posted on Jun, 9 2010 @ 04:43 PM
Deep Sea News' Kevin Zilnio points us to a great piece in The Independent describing what has become known as the "Great Pacific Garbage Patch," or
"trash vortex" - essentially a floating expanse of waste and debris in the Pacific Ocean now covering an area twice the size of the continental U.S.
Believed to hold almost 100m tons of flotsam, this vast "plastic soup" stretches 500 nautical miles off the Californian coast, past Hawaii and
almost as far as Japan:
"The "soup" is actually two linked areas, either side of the islands of Hawaii, known as the Western and Eastern Pacific Garbage Patches. About
one-fifth of the junk – which includes everything from footballs and kayaks to Lego blocks and carrier bags – is thrown off ships or oil
platforms. The rest comes from land."
David Karl, an oceanographer at the University of Hawaii, believes the "plastic soup" may actually represent a new habitat; he plans on organizing a
research expedition later this year to examine its size and nature. Plastic waste is one of the most significant sources of marine pollution:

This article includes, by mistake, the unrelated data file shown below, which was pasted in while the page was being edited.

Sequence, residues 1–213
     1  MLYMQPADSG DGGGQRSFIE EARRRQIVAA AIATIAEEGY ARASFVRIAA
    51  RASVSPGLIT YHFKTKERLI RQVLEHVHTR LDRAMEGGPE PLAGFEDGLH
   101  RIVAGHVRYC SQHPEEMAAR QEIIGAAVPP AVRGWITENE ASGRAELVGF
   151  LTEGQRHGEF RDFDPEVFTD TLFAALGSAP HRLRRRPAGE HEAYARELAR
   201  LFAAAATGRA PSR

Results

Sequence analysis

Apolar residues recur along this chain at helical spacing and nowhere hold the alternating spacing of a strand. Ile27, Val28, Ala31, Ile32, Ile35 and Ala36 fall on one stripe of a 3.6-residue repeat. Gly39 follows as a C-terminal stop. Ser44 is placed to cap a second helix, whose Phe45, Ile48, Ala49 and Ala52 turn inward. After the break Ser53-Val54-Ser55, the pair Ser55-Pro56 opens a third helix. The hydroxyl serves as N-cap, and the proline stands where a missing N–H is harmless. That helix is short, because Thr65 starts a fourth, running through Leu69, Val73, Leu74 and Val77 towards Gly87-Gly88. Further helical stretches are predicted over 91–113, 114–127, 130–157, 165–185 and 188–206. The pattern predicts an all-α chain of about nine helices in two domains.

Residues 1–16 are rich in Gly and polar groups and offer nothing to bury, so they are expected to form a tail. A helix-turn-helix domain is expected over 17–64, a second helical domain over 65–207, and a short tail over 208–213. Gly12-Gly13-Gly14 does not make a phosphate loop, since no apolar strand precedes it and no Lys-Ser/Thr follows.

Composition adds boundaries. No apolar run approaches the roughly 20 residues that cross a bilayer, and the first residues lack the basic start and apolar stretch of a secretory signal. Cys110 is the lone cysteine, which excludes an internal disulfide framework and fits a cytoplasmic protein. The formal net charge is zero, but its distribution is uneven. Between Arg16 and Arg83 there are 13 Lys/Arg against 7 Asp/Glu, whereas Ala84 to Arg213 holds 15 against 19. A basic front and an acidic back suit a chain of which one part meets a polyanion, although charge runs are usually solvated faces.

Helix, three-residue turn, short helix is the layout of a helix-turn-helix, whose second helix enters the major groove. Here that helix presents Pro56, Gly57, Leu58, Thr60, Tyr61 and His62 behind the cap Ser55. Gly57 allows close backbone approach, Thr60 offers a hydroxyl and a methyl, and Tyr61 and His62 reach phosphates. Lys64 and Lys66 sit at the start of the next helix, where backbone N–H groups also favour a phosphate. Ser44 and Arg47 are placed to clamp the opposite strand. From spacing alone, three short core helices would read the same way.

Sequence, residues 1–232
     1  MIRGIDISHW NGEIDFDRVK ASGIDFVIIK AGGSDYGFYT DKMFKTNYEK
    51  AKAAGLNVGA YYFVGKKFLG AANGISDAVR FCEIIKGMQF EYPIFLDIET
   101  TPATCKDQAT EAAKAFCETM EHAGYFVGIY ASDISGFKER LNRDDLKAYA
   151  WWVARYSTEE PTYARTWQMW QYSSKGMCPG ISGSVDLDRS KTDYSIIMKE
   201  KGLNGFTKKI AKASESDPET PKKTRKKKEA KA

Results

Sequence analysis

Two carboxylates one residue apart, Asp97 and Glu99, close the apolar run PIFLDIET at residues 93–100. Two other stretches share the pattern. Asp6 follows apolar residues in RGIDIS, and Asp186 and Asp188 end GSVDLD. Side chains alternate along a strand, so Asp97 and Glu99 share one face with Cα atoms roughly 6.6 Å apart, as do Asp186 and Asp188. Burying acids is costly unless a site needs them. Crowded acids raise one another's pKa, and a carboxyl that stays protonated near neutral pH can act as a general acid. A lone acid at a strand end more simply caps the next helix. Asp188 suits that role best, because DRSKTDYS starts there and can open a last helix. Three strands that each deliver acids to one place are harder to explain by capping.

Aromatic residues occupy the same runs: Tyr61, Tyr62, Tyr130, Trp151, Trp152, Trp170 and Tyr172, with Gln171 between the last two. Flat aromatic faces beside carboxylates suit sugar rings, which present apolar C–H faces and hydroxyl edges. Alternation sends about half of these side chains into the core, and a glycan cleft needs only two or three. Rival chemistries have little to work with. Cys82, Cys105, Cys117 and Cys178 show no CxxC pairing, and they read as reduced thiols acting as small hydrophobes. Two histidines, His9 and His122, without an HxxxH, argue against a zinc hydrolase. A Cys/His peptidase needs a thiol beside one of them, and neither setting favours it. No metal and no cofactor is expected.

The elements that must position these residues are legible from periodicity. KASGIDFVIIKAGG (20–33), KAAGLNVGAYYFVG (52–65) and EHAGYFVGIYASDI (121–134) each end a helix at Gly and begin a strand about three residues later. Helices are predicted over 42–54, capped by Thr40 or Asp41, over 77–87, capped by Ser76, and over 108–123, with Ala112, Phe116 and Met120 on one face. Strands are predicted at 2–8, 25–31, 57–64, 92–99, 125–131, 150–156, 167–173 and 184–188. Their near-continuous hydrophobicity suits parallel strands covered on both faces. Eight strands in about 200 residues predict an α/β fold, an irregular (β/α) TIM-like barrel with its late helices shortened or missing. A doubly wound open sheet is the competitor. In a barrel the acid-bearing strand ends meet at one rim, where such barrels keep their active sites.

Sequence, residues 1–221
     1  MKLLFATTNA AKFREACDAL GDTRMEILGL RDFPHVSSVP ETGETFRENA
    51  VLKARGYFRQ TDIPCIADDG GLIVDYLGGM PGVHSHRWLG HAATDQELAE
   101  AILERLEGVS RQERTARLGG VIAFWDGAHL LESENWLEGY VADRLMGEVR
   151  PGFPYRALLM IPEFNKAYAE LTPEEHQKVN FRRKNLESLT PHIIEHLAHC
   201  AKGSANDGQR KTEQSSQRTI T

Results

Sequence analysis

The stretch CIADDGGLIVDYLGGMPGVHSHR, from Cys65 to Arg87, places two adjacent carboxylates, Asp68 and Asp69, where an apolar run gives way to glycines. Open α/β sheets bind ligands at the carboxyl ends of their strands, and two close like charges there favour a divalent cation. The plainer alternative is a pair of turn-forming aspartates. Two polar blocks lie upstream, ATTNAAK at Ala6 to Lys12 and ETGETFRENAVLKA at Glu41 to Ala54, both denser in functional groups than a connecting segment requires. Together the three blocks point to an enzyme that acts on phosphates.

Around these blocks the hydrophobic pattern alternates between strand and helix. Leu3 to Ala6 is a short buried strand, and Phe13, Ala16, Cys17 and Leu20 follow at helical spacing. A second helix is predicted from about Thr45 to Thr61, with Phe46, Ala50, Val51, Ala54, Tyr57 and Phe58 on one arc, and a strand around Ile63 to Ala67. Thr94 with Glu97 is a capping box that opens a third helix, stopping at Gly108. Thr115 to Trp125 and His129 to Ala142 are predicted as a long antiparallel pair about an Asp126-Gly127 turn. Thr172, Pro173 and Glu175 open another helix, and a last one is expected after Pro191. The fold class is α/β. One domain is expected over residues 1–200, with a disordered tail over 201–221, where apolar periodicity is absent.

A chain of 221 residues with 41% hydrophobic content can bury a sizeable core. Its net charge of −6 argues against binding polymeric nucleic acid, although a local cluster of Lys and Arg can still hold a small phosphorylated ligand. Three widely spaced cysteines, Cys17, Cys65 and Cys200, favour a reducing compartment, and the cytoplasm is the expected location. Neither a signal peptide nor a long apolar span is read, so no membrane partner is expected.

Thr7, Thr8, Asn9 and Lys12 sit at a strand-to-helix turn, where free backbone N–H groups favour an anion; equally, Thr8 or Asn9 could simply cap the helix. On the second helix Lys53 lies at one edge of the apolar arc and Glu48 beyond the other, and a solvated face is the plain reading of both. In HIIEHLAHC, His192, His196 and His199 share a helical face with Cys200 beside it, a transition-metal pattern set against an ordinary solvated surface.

According to UNEP, plastic accounts for 90% of all debris floating in the oceans - with every square mile containing close to 46,000 pieces.
The pernicious effects of this "trash vortex" aren't just limited to the marine ecosystem either. Every year, hundreds of millions of nurdles, tiny
pieces of plastic, are dumped into or lost at sea, where they eventually make their way into the food chain by acting as sponges for a variety of
anthropogenic chemicals (e.g. hydrocarbons and DDT).
Marcus Eriksen, research director of the Algalita Marine Research Foundation, put is thusly: "What goes into the ocean goes into these animals and
onto your dinner plate. It's that simple."